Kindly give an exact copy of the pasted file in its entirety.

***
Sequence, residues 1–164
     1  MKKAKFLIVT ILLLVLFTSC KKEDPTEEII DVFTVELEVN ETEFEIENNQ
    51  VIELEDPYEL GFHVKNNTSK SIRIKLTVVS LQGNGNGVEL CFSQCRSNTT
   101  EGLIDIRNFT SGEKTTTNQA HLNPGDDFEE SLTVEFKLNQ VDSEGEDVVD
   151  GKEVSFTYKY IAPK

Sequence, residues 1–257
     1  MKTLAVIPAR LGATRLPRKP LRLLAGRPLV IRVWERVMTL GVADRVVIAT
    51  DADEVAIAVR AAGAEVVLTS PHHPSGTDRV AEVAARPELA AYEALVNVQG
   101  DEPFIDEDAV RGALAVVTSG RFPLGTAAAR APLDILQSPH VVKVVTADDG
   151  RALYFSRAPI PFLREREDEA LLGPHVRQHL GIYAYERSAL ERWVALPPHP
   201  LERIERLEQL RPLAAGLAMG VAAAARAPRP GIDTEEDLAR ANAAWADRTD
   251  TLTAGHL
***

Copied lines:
Sequence, residues 1–164
     1  MKKAKFLIVT ILLLVLFTSC KKEDPTEEII DVFTVELEVN ETEFEIENNQ
    51  VIELEDPYEL GFHVKNNTSK SIRIKLTVVS LQGNGNGVEL CFSQCRSNTT
   101  EGLIDIRNFT SGEKTTTNQA HLNPGDDFEE SLTVEFKLNQ VDSEGEDVVD
   151  GKEVSFTYKY IAPK

Sequence, residues 1–257
     1  MKTLAVIPAR LGATRLPRKP LRLLAGRPLV IRVWERVMTL GVADRVVIAT
    51  DADEVAIAVR AAGAEVVLTS PHHPSGTDRV AEVAARPELA AYEALVNVQG
   101  DEPFIDEDAV RGALAVVTSG RFPLGTAAAR APLDILQSPH VVKVVTADDG
   151  RALYFSRAPI PFLREREDEA LLGPHVRQHL GIYAYERSAL ERWVALPPHP
   201  LERIERLEQL RPLAAGLAMG VAAAARAPRP GIDTEEDLAR ANAAWADRTD
   251  TLTAGHL